Tight-binding simulations of random alloy and strong spin-orbit effects in InAs/GaBiAs quantum dot molecules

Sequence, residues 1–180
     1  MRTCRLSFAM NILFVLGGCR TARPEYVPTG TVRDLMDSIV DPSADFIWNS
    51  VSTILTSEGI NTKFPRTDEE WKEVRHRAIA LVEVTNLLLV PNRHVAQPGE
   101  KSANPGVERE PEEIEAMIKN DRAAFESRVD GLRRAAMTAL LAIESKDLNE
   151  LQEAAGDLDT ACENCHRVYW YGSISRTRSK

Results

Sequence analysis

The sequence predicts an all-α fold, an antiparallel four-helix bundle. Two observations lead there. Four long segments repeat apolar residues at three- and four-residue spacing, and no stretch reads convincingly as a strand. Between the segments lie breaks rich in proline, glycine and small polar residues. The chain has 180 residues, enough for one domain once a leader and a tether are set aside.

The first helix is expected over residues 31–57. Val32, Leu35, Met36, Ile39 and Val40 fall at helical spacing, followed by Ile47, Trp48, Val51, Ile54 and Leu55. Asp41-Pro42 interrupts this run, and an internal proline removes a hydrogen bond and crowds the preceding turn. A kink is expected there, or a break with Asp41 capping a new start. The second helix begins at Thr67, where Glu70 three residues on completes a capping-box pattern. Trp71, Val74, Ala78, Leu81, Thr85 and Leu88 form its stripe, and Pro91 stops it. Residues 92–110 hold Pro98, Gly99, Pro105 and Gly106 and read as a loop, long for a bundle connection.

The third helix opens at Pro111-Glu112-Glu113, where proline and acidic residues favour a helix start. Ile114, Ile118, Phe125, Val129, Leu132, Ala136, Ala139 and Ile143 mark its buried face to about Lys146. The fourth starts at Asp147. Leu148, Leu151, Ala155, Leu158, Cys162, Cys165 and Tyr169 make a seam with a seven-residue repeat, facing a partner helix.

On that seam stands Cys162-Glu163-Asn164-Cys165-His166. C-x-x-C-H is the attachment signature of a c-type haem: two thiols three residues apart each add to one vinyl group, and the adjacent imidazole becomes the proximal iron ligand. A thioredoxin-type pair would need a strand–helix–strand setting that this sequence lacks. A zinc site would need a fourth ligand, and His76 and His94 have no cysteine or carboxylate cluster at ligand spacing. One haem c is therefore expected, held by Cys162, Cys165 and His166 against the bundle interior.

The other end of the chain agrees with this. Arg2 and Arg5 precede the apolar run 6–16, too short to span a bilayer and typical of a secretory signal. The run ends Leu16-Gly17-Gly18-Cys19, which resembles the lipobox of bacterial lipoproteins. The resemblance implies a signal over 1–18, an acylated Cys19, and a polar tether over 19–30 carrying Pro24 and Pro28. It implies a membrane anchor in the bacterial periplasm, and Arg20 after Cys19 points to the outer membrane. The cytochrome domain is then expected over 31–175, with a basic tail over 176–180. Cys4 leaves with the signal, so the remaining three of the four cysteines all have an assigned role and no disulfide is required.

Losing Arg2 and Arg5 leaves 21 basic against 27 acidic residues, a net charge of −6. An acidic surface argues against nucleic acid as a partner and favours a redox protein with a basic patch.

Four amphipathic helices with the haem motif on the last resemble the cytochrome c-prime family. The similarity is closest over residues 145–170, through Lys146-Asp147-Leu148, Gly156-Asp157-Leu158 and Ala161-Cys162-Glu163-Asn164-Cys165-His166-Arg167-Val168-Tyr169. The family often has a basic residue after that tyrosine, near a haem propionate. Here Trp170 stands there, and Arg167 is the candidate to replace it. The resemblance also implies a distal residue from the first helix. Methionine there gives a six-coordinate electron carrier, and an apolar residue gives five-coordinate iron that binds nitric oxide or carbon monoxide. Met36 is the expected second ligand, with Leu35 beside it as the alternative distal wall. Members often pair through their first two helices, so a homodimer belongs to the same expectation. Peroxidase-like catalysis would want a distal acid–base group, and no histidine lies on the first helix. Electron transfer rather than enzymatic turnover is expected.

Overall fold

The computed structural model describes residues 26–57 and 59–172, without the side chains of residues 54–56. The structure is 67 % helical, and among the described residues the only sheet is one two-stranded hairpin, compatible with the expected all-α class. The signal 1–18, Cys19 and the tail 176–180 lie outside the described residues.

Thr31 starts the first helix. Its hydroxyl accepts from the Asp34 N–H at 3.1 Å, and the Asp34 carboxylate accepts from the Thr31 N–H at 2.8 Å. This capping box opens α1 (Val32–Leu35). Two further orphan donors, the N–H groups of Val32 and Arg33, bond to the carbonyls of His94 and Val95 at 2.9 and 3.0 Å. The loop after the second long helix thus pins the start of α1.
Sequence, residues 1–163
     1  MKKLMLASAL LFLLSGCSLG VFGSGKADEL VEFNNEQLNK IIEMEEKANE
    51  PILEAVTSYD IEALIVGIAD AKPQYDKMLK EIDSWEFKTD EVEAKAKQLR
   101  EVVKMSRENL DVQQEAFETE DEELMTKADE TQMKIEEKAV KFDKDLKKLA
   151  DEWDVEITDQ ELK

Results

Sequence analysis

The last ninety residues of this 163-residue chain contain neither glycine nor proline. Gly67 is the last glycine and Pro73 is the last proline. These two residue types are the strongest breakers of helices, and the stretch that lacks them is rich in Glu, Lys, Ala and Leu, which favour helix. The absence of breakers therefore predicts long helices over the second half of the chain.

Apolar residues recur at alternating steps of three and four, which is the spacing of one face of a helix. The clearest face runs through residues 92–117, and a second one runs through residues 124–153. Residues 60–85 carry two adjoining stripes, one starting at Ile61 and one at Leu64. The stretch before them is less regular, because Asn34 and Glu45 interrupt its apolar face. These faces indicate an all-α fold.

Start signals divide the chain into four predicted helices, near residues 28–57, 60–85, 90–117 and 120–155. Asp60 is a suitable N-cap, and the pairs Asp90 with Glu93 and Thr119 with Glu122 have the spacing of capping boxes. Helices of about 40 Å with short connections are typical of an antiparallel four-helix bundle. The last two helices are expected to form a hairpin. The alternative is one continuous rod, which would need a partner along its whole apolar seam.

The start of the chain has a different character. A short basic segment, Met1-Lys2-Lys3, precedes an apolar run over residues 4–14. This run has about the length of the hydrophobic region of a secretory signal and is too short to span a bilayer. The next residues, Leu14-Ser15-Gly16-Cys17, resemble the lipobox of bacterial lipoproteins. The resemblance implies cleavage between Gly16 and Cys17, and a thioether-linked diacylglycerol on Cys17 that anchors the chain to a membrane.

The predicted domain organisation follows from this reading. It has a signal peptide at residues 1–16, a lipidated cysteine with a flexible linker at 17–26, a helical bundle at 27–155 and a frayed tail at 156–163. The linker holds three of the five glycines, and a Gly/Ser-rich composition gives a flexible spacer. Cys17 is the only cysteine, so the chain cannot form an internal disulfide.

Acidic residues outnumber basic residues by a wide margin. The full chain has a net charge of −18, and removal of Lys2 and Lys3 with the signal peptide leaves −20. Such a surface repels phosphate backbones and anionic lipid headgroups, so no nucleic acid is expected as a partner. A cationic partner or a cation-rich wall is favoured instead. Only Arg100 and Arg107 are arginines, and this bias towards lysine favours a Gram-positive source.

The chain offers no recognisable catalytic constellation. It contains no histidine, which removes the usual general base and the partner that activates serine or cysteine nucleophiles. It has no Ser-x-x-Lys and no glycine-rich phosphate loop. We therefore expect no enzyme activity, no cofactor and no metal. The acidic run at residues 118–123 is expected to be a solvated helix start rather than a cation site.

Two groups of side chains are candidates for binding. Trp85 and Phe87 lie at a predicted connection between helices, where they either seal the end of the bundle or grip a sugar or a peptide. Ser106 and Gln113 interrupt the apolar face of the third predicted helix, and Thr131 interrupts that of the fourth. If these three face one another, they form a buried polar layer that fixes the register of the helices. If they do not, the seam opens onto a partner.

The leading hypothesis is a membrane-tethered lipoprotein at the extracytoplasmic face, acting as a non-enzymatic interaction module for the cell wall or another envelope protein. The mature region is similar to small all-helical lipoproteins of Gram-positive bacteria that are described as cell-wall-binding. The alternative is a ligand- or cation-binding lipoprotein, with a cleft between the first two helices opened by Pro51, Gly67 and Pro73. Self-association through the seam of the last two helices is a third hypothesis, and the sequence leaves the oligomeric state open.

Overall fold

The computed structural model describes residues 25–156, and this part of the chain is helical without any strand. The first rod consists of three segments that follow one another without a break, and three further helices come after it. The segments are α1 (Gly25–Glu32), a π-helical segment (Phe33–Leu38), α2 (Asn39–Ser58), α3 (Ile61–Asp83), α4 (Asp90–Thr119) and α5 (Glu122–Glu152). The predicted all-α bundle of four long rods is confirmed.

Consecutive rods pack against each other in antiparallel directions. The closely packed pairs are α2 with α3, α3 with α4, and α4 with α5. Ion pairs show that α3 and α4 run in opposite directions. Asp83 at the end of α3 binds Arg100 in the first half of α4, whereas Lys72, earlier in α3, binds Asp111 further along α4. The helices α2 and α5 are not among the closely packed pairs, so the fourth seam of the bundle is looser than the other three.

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Self-assembled \ce{InAs} quantum dots (QDs), which have long hole-spin coherence times and are amenable to optical control schemes, have long been explored as building blocks for qubit architectures. One such design consists of vertically stacking two QDs to create a quantum dot molecule (QDM). The two dots can be resonantly tuned to form "molecule-like" coupled hole states with the hybridization of hole states otherwise localized in each respective dot. Furthermore, spin-mixing of the hybridized states in dots offset along their stacking direction enables qubit rotation to be driven optically, allowing for an all-optical qubit control scheme. Increasing the magnitude of this spin-mixing is important for optical quantum control protocols. We introduce the incorporation of dilute \ce{GaBi_xAs_{1-x}} alloys in the barrier region between the two dots, as \ce{GaBiAs} is expected to provide an increase in spin-mixing of the molecular states over \ce{GaAs}. Using an atomistic tight-binding model, we compute the properties of \ce{GaBi_xAs_{1-x}} and the modification of hole states that arise when the alloy is used in the barrier of an \ce{InAs} QDM. We show that an atomistic treatment is necessary to correctly capture non-traditional alloy effects of \ce{GaBiAs}. Additionally, an atomistic model allows for the study of configurational variances and clustering effects of the alloy. We find that in \ce{InAs} QDMs with a \ce{GaBiAs} inter-dot barrier, hole states are well confined to the dots up to an alloy concentration of 7%. By independently studying the alloy-induced strain and electronic scattering off \ce{Bi} and As orbitals, we conclude that an initial increase in QDM hole state energy at low Bi concentration is caused by the alloy-induced strain. Additionally, a comparison between the fully alloyed barrier and a partially alloyed barrier shows that fully alloying the barrier applies an asymmetric strain between the top and bottom dot. By lowering the energetic barrier between the two dots, \ce{GaBiAs} is able to promote the tunnel coupling of hole states in QDMs. We obtain a three fold increase of hole tunnel coupling strength in the presence of a 7% alloy. Additionally, we show how an asymmetric strain between the two dots caused by the alloy results in a shift in the field strength needed to bring the dots to resonance. We explore different geometries of QDMs to optimize the tunnel coupling enhancement the alloy can provide, as well as present evidence that the change in tunnel coupling may affect the heavy-hole and light-hole components of the ground state in a QDM. The strong spin-orbit coupling strength of \ce{GaBiAs} allows for the enhancement of spin-mixing in QDMs. A strong magnetic field can be applied directly in the TB Hamiltonian. In order to fit the TB results to a simple phenomenological Hamiltonian, we found it necessary to include second order magnetic field terms in the phenomenological Hamiltonian as a diamagnetic correction to the hole state energies. Fitting to the corrected phenomenological model, we obtain a three-fold enhancement for the spin-mixing strength of offset dots at 7% \ce{Bi}. Additionally, at higher alloy concentrations, a combination of enhanced spin-mixing and increase resonance change in g-factor results in intra-dot spin-mixing between Zeeman split states of the lower energy dot. A perturbative analysis of the magnetic field shows that both the spin-mixing and resonance g-factor change are effects of the Peierls contribution, or the component of the magnetic field applied to the effective spatial angular momentum of the wavefunction. When spin-orbit coupling is removed from the system, there is no longer a preferred alignment between the spin of the system and the Peierls effective angular momentum, thus removing any magnetic field effects of the Peierls contribution. The analysis of spin-orbit effects can be extended to single dots with in-plane magnetic and electric fields. This thesis concludes with some preliminary results utilizing electric fields, in conjunction with spin-locking effects provided by spin-orbit coupling, to manipulate the spin polarization in single dots. TB calculations with a magnetic field are performed to show the preferred alignment of the effective angular momentum, given by the geometry of the dot, also spatially locks the spin-polarization of hole states. An electric field can then be applied to bias the charge density to either side of the dot, using the spatial texture of the spin to obtain a spin polarized in $z$ while both the magnetic and electric field is in the $xy$-plane. The same perturbative analysis with the QDMs can be applied to show sufficient spin-orbit coupling is needed to generate such an effect. We propose the utilization of spin texture and electric fields as a novel method for rotating the spin in QDs.